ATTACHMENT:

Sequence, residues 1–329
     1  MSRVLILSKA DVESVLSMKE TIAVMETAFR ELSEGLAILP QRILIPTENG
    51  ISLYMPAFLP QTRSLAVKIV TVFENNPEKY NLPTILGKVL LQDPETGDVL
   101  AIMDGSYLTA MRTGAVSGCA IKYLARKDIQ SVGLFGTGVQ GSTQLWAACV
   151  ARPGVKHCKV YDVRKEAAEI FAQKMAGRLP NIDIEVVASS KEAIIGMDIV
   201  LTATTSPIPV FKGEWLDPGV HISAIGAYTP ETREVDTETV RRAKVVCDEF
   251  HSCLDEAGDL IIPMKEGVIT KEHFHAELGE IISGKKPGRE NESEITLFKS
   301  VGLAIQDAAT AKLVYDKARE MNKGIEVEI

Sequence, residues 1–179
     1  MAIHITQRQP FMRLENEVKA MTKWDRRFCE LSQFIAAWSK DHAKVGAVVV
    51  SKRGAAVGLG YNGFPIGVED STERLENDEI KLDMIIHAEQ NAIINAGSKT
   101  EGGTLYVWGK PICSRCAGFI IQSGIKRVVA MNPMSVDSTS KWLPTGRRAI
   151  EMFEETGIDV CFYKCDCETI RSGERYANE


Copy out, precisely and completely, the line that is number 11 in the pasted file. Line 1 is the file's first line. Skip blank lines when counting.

    51  SKRGAAVGLG YNGFPIGVED STERLENDEI KLDMIIHAEQ NAIINAGSKT